DENVER (CBS4) – A Denver mother is blaming government bureaucracy and a lack of caring for the death of her 9-year-old boy.

Zuton Lucero’s attorney filed a civil rights complaint in district court this week against the city of Denver over the 2009 death of her son Zumante.

Zumante died on July 20, 2009, after a severe asthma attack. In the four months leading up to his death he had gone without the common prescription drugs that kept his asthma under control.

Lucero says she tried to fill prescriptions for asthma medications Zumante had taken all his life at a Walgreens pharmacy. She was told the computer showed her son was no longer covered by Medicaid.

Attorney Erica Grossman says Zumante was still covered, but the problem was attributed to a computer glitch.

“The failure to fix a computer problem is a human error, not a technological one, and it comes down to people just failing to act intentionally,” Grossman told CBS4.

Lucero began calling Denver’s Department of Human Services hotline every three days about the situation and was told someone would call her back. She says no one ever did.

“It was maddenning, infuriarating. It was heartbreaking,” Lucero told CBS4.

WATCH: See CBS4 reporter Valerie Castro’s complete interview with Zuton Lucero

Soon after that Zumante, who was due to turn 10 in less than a month, had a devastating attack.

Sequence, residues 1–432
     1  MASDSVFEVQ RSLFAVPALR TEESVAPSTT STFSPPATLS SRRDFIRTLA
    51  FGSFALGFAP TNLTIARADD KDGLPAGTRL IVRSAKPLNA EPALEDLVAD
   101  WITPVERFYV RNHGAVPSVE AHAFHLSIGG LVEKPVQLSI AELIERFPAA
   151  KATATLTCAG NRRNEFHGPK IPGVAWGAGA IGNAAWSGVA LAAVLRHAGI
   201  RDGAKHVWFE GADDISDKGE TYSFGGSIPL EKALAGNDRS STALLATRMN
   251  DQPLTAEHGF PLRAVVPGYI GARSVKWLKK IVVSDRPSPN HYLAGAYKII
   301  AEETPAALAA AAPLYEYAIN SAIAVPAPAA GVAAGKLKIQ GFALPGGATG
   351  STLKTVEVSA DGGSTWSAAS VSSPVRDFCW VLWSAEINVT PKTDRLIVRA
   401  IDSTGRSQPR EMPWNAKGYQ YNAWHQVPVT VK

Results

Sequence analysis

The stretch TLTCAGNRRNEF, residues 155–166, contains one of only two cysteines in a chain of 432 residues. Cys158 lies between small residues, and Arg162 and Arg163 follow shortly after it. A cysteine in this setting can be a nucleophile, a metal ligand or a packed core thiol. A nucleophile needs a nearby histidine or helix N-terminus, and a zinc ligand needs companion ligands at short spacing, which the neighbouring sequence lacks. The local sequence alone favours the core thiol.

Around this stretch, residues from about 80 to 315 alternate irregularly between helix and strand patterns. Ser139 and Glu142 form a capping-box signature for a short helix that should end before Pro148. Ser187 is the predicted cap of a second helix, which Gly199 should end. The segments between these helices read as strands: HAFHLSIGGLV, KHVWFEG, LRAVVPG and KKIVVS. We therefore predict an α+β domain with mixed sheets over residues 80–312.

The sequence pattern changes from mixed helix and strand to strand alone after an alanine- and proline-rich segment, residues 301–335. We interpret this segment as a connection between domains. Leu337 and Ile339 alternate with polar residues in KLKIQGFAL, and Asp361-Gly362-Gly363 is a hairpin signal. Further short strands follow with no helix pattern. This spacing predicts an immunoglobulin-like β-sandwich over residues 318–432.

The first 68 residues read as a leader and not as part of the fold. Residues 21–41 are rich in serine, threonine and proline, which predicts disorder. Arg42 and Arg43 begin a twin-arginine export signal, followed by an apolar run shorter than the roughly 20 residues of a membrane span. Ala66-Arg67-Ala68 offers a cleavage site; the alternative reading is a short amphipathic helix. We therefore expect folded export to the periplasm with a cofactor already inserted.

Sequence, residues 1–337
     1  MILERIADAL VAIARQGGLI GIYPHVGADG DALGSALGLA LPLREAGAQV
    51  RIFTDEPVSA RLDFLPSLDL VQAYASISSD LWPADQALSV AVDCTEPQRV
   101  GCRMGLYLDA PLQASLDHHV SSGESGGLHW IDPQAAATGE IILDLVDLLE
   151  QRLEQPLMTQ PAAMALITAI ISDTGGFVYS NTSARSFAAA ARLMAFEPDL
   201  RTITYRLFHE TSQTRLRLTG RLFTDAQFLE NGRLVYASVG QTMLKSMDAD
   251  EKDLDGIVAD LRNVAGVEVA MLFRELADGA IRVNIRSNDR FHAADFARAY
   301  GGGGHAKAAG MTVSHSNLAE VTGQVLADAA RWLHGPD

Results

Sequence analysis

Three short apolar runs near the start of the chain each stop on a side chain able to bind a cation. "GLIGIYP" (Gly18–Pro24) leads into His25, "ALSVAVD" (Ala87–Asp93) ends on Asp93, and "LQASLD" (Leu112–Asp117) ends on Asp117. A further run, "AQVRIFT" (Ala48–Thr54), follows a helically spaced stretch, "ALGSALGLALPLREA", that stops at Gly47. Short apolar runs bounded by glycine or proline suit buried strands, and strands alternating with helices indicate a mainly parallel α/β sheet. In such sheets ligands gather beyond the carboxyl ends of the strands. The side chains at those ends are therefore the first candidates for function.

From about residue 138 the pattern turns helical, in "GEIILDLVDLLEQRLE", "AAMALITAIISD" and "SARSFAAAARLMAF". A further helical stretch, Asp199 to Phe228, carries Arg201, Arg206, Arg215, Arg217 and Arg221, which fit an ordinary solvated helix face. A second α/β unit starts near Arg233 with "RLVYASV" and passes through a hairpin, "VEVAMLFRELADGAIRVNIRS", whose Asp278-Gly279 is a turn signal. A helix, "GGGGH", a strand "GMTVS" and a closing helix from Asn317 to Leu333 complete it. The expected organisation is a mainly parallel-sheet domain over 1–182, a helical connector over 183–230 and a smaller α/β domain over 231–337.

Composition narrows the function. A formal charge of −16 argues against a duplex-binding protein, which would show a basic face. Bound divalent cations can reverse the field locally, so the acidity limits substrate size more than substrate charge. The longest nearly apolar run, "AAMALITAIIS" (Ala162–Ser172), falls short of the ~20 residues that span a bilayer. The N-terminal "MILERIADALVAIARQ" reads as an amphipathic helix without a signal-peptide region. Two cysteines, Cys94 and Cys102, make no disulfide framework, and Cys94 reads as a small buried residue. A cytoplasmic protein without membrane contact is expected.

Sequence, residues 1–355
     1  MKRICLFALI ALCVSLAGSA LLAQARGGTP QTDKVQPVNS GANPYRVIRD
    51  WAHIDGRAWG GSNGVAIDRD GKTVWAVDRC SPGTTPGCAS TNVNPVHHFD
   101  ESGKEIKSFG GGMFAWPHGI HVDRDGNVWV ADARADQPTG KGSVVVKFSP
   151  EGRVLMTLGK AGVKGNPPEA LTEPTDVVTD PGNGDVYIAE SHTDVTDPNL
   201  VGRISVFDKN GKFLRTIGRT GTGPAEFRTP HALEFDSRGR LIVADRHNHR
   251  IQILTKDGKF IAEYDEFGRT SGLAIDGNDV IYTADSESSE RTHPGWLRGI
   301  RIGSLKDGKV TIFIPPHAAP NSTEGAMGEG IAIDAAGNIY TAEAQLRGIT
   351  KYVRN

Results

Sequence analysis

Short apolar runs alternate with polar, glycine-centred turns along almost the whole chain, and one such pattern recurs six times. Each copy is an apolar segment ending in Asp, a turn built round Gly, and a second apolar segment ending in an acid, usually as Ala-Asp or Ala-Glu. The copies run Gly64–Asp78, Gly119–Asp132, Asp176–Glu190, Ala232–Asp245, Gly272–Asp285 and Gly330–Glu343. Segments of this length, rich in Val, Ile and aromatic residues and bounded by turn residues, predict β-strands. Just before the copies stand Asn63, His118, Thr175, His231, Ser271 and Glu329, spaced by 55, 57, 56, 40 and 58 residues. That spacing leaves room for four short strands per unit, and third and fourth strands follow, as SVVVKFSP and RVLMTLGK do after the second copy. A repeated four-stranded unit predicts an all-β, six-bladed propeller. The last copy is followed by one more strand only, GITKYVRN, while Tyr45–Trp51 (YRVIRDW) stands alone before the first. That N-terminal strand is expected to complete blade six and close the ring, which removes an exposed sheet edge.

“I’m holding him in my lap and he’s flailing because he’s in an absolute panic because he can’t breathe and then he passed out in my arms,” Lucero said.

He was rushed to Children’s Hospital but after four days a respirator was the only thing keeping him alive.

“We had them turn the respirator off and Zumante died very shortly after that,” she said.

c0007 Mother Files Lawsuit, Says Bureaucracy Led To Sons Death

Zuton Lucero, with her husband in the background, talks with CBS4 about the lawsuit (credit: CBS)

Zumante attended Smith Elementary School in Denver. After his death a garden there was dedicated in his name.

Lucero told CBS4 her son had a talent for drawing, loved karate and adored his younger siblings. “I want Zumante’s legacy to be one of life,” she said.

Lucero is certain that with his medication Zumante would be alive today.

“There’s a quote that I heard, and it says ‘The dead cannot cry out for justice. It is the duty of the living to do so for them’ and that’s why I’m here,” Lucero said.

Denver Human Services released a statement to CBS4 about the lawsuit saying the death of any child is a tremendous loss. The agency says it can’t say more than that because of confidentiality laws and the pending suit.

It could be a year before the case goes to trial.